Sep 302014
 

tux-terminal.jpg
Article by Daniel Miessler first posted on his blog

lsof is the sysadmin/security über-tool. I use it most for getting network connection related information from a system, but that’s just the beginning for this powerful and too-little-known application. The tool is aptly called lsof because it “lists openfiles“. And remember, in UNIX just about everything (including a network socket) is a file.

Interestingly, lsof is also the Linux/Unix command with the most switches. It has so many it has to use both minuses andpluses.

usage: [-?abhlnNoOPRstUvV] [+|-c c] [+|-d s] [+D D] [+|-f[cgG]]
 [-F [f]] [-g [s]] [-i [i]] [+|-L [l]] [+|-M] [-o [o]]
 [-p s] [+|-r [t]] [-S [t]] [-T [t]] [-u s] [+|-w] [-x [fl]] [--] [names]

As you can see, lsof has a truly staggering number of options. You can use it to get information about devices on your system, what a given user is touching at any given point, or even what files or network connectivity a process is using.

For me, lsof replaces both netstat and ps entirely. It has everything I get from those tools and much, much more. So let’s look at some of its primary capabilities:

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Sep 132014
 

Systemd
Article by Stuart Burns first posted on Openlogic.com

With Red Hat Enterprise Linux 7 released and CentOS version 7 newly unveiled, now is a good time to cover systemd, the replacement for legacy System V (SysV) startup scripts and runlevels. Red Hat-based distributions are migrating to systemd because it provides more efficient ways of managing services and quicker startup times. With systemd there are fewer files to edit, and all the services are compartmentalized and stand separate from each other. This means that should you screw up one config file, it won’t automatically take out other services.

Systemd has been the default system and services manager in Red Hat Fedora since the release of Fedora 15, so it is extensively field-tested. It provides more consistency and troubleshooting ability than SysV – for instance, it will report if a service has failed, is suspended, or is in error. Perhaps the biggest reason for the move to systemd is that it allows multiple services to start up at the same time, in parallel, making machine boot times quicker than they would be with legacy runlevels.

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Sep 082014
 

Guest post by Sophie Davidson

Modern day criminals are no longer entering banks with ski masks and pistols. Today’s felons are moving into cyberspace to accomplish their nefarious goals.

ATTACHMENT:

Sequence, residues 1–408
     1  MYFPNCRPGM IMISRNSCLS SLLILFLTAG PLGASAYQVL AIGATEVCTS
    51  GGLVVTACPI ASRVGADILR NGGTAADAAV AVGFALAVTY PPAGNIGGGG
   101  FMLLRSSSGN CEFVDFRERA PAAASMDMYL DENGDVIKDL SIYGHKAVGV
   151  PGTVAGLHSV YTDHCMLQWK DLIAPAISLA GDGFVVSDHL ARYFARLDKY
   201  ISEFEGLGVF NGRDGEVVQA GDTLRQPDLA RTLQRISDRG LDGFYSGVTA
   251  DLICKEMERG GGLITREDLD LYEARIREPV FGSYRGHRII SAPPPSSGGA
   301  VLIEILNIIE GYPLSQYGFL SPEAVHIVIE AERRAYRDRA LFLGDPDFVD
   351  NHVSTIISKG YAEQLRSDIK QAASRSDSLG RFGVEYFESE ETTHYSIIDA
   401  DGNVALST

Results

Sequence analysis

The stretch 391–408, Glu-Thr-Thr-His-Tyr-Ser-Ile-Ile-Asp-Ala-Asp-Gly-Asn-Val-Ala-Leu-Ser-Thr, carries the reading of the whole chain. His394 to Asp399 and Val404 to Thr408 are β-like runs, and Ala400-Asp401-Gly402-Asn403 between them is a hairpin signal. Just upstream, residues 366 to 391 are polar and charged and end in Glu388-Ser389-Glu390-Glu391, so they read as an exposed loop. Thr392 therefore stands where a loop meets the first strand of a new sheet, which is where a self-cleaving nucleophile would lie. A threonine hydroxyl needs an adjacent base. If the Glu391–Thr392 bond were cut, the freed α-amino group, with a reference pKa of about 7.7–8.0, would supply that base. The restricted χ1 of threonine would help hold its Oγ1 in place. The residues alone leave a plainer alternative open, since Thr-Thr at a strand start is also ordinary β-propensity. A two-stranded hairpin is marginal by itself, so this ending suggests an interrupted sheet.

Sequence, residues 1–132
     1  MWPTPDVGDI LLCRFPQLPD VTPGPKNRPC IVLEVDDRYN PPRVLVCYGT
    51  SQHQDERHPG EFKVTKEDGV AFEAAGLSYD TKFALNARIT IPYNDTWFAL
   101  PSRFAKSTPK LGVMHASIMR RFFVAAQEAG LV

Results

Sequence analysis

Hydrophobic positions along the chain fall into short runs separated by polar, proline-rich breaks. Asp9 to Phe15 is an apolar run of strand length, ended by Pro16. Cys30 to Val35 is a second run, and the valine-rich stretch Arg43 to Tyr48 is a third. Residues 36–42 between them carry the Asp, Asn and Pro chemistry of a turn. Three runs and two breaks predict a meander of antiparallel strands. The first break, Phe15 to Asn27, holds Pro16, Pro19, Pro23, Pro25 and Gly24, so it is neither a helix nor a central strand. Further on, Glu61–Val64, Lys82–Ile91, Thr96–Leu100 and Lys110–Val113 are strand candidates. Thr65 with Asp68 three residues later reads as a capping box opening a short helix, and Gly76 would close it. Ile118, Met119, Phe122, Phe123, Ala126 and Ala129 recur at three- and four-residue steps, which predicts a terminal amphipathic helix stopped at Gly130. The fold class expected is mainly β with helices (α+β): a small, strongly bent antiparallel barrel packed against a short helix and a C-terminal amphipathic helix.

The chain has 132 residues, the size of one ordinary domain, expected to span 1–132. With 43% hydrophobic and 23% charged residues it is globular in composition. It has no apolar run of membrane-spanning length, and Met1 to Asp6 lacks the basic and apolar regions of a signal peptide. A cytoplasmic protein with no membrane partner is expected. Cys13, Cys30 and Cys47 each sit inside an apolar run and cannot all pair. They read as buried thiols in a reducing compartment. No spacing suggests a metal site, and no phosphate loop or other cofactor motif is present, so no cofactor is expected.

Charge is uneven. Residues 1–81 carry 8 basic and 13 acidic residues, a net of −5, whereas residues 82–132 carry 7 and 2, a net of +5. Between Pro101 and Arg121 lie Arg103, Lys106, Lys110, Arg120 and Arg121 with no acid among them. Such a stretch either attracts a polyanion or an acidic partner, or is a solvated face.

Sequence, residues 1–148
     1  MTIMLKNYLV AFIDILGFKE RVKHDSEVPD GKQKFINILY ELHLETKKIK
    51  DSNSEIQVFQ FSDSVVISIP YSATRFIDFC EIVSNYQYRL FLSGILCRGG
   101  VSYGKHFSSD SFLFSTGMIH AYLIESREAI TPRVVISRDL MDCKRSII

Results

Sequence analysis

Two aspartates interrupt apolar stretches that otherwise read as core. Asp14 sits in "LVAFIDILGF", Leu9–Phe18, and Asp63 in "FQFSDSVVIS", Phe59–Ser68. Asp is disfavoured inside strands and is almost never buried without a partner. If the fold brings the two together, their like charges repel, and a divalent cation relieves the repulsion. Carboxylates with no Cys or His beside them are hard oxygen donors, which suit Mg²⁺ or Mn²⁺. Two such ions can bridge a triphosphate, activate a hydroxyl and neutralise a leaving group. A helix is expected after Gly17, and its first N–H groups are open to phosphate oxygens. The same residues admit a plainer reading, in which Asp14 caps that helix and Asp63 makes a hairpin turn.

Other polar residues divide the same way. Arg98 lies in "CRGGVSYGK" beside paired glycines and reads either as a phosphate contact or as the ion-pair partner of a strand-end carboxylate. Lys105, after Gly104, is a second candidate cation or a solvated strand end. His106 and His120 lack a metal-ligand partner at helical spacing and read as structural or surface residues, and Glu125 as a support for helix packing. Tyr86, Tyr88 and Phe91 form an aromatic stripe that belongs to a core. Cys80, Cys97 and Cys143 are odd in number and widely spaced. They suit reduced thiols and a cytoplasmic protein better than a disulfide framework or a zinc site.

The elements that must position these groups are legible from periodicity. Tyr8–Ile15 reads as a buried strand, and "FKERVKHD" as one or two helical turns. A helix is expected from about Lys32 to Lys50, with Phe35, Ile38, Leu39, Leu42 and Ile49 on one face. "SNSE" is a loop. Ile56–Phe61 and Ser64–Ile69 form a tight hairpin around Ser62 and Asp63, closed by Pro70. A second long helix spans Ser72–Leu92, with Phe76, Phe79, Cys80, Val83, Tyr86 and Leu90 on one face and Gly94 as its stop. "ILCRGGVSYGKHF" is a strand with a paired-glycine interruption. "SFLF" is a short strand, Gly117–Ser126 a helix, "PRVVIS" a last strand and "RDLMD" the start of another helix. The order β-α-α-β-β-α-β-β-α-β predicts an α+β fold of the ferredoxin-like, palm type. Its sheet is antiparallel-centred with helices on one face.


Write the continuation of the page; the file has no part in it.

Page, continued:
Remember the old adage, “a criminal always returns to the scene of the crime”? It turns out this maxim holds a lot of weight with regards to DDoS cybercrime.

Double DDoS

Recent research from BT revealed that about 41% of online businesses surveyed were victims of DDoS in the last 12 months. The more notable findings of the research showed that, of those attacked, over 78 percent were subsequently hit a second time shortly thereafter.

Distributed Denial of Service attacks or DDoS encompass a large variety of cyber threats designed to overwhelm a target’s server, or jam up their network. By disrupting a target’s resources, the hackers succeed in preventing normal traffic (such as users or customers) from passing through.

The effects of these attacks are potentially devastating. After being hit by a strong attack, it takes on average at least 12 hours to offer full service back to users.

What can happen in 12 hours? This sort of disruption could mean losing hundreds of thousands of dollars in revenue. Or, perhaps worse, the trust between the user and the online business, built up over months or years, could be lost in a matter of minutes.
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Aug 312014
 

Some time ago I posted an article about shelr.tv a website and a service that was made to allow you to share your terminal records directly from the website.

Now the website of shelr.tv seems dead and so I’ve took a look around to see if there are similar websites and I’ve found commands.com.

For what I can see from their homepage it’s a service similar to the other, so let’s test it.
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Aug 282014
 

Article by Himanshu Arora first posted on http://mylinuxbook.com/

Sometimes a computer system is connected to so many file-systems (in parallel) that managing these connections becomes a complex task. If a user’s work involves interacting with local, external and remote file-systems then he/she would definitely feel a need for a connection management software to manage all the connections centrally.

Looking for a simple connection manager? Try out Gigolo.

gigolo-main

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